Windows PreFetch

Category: Windows

I've heard that Windows XP will run faster if you disable something called PreFetch. Apparently Windows remembers everything you have done and, in a misguided attempt to be helpful, pre-loads all the files and links when XP boots. What's your opinion on disabling PreFetch?

To Prefetch or not to Prefetch?

Should I Disable PreFetch?

In a word... NO! This is the stuff of myth and legend. If you disable the PreFetch facility in Windows, it will cause a NEGATIVE impact on performance for most systems. Commonly used applications will take longer to load because you turned off the caching.

Cleaning the pre-fetch folder is not necessary. Windows manages it automatically, dropping out entries that are old or unused. In addition to making your frequently used programs load slower, it will also INCREASE bootup time because Windows has to re-copy all the page files you "cleaned out".

Everything I have read indicates that the default setting for the Prefetch parameter is optimal for most users. Additionally, the folks from Microsoft say that fiddling with the Prefetch setting in the Registry or the contents of the C:\windows\prefetch or C:\winnt\prefetch folders is COUNTER-productive, and that adding a "/prefetch:1" flag to shortcuts that launch a program will NOT make it load faster. It may even cause a program to crash. Here's a snippet from taken from the Microsoft website:

"Windows XP monitors the files that are used when the computer starts and when you start applications. By monitoring these files, Windows XP can prefetch them. Prefetching data is the process whereby data that is expected to be requested is read ahead into the cache. Prefetching boot files and applications decreases the time needed to start Windows XP and start applications."

Here's another excellent page that gives solid info from actual Microsoft developers and debunks some of the misinformation people are passing around as fact:

Bottom Line: Let the operating system manage the pre-fetch cache -- that is its job. If you want more tips on making Windows run faster, don't miss

Got comments on the PreFetch controversy? Post them below...

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This article was posted by on 4 Oct 2006

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Most recent comments on "Windows PreFetch"

(See all 25 comments for this article.)

Posted by:

31 Oct 2006

Just for grins, I had to try it, and see. I deleted the contents of \Windows\Prefetch (all 322 entries), and... bang! My "boot" time decreased by 22 seconds. That's empirical observation. What can I say, except... "Your mileage may vary".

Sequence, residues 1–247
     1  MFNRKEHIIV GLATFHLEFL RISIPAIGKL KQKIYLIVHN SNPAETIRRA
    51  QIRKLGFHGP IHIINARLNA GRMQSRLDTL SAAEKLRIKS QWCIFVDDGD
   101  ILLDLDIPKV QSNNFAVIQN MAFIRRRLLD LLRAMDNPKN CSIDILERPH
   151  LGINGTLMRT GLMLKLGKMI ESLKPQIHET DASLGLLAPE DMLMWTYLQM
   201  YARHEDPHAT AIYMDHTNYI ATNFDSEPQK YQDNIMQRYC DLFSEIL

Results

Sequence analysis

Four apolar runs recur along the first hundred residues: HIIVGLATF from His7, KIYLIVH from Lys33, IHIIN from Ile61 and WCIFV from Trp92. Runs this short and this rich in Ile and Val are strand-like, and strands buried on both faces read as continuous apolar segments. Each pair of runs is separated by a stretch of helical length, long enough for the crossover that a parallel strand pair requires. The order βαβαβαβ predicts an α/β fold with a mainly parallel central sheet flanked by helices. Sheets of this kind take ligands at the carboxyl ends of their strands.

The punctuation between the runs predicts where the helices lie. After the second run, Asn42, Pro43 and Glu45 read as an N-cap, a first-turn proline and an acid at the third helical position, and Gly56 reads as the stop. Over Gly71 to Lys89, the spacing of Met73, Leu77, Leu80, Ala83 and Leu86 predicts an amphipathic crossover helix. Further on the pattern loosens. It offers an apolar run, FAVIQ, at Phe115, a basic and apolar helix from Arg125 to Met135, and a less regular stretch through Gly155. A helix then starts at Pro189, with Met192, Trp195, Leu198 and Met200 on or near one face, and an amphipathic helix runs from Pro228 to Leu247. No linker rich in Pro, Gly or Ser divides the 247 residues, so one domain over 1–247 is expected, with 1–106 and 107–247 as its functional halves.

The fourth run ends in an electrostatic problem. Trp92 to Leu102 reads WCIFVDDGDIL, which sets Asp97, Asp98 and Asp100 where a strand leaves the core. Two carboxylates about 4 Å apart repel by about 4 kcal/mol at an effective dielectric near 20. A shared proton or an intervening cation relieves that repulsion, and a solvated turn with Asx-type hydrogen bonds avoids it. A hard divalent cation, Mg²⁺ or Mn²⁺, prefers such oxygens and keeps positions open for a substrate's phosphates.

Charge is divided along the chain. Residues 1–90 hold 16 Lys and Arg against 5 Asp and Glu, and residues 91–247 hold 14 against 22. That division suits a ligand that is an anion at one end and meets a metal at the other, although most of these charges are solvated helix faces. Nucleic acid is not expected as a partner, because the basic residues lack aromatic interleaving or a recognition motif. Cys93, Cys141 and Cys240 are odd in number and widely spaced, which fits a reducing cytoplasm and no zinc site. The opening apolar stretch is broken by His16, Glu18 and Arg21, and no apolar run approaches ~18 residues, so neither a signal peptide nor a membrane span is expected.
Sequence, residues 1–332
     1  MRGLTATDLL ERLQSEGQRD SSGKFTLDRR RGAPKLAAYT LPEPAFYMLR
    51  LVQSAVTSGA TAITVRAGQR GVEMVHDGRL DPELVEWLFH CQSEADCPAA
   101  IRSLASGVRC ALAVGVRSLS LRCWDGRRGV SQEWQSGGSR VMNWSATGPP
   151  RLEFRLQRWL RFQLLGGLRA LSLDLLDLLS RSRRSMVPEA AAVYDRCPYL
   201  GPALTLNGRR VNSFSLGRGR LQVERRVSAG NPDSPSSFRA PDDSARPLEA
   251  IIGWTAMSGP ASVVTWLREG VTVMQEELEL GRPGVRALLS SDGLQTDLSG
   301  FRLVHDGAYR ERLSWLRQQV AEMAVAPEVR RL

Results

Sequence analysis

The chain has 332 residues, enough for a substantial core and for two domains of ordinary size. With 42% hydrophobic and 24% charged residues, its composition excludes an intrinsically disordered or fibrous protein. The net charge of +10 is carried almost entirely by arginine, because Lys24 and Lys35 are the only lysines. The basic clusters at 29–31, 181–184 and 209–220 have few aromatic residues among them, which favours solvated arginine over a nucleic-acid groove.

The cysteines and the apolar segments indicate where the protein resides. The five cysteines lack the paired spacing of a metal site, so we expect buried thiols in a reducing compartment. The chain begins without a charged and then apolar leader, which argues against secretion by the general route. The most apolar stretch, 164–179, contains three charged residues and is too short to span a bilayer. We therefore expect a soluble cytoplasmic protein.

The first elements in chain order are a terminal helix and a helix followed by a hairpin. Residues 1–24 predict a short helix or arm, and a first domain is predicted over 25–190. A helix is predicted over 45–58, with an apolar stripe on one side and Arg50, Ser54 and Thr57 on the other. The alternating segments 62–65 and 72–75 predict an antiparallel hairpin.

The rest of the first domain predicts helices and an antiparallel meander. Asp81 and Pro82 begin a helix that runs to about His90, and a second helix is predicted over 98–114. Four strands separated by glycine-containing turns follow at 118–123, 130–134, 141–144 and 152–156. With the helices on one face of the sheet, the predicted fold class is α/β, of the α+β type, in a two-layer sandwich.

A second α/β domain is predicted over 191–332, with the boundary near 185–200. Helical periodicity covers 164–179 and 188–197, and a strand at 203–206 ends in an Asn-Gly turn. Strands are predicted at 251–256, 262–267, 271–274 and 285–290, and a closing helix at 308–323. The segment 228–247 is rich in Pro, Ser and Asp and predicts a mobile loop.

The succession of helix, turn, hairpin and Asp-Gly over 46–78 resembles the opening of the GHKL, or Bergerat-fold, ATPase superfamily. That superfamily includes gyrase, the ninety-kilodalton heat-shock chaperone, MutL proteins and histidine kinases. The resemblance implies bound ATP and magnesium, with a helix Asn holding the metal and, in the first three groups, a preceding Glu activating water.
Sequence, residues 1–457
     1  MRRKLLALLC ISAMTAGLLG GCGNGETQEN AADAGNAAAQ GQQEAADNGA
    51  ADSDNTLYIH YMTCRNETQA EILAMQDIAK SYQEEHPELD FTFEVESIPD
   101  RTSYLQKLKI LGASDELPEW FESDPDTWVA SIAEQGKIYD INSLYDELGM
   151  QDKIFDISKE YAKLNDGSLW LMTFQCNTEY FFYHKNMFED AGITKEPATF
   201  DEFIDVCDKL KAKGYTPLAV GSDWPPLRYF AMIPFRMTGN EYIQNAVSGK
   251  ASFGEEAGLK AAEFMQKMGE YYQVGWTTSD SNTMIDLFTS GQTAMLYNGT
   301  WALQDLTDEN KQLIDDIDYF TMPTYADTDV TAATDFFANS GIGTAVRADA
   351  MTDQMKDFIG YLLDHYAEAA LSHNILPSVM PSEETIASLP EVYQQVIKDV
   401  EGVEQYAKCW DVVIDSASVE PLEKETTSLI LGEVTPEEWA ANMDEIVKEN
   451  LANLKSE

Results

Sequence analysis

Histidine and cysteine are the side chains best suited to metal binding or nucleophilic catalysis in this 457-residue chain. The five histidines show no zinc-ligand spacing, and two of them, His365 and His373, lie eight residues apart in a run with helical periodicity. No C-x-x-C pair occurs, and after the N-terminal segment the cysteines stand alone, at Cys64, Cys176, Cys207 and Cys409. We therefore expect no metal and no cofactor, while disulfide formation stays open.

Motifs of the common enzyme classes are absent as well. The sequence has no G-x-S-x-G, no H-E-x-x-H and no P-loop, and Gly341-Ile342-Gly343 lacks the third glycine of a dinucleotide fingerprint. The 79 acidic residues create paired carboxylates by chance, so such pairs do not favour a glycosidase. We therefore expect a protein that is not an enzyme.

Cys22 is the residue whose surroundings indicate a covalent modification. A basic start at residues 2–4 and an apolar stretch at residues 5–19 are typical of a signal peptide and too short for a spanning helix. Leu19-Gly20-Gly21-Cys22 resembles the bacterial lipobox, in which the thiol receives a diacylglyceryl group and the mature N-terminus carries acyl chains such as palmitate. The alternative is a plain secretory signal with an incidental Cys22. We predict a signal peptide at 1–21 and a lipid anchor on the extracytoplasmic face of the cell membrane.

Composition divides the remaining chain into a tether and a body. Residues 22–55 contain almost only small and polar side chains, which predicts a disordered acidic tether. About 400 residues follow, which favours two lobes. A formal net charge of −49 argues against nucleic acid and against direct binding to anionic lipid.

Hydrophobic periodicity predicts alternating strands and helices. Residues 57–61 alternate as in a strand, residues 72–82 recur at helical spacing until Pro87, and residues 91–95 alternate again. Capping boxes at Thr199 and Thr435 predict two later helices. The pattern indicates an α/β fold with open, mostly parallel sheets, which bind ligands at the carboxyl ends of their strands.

EDITOR'S NOTE: Okay, but I imagine your frequently used programs loaded a bit slower the first time you opened them. I checked my prefetch folder and found only about 20 entries, none of which were more than a week old.

Posted by:

20 Nov 2006

I deleted windows prefetch accidentally, what should i do?

EDITOR'S NOTE: Don't do anything... Windows will rebuild it for you.

Posted by:

01 Dec 2006

If you have over 128 prefetch files that means you system has either not been rebooted in some time, not allowed to go idle or the prefetcher is broken in some way. On a properly working system the folder is self cleaning at 128 entries. Regardless extra files do nothing but take up disk space. To learn more about these Myths read:

Posted by:

18 Feb 2007

CCleaner can get rid of OLD prefetch data. I'm assuming that is just prefetch data that hasn't been used in a while. I know Windows is supposed to do that automatically, but it isn't perfect and a third party program can clean up behind the Windows automatic process. Just a little more info. It was a good a read and well written.

Posted by:

16 Mar 2007

This is one of the best forums. I use CCleaner weekly. My Prefecth has only 39 entires. Noticed that all of them are programs I use daily and only one entry is 2/12/07. Bob, you are right. XRay is on steroids. Showed me things I hadn't seen with other programs.

Posted by:

05 Apr 2007

Windows XP AUTOMATICALLY cleans the folder on que when the 128 limit is reached (not before) and leaves the most used 32 prefetch apps. You should NEVER delete a prefetch file for an installed application. CCleaner irresponsibly uses the NTFS last access date stamp to delete prefetch files. Do NOT use the CCleaner option to clean "old prefetch data", if you have the NTFS last access date stamp off CCleaner will delete the entire folder!

Posted by:

29 May 2007

There's a flaw in the logic behind the windows prefetch.

It doesn't reduce load time, it just shifts the load time to an earlier stage (aka boot time, when you're most likely AFK getting a cup of coffee).

If it could predict what program I am about to start then that would be good, but it can't and it doesn't. It just checks what software that is started and then keeps it in the prefetch until they time out. For it to actually work it would need to track each file over time and check how frequently I call for that file to judge if it should be preloaded.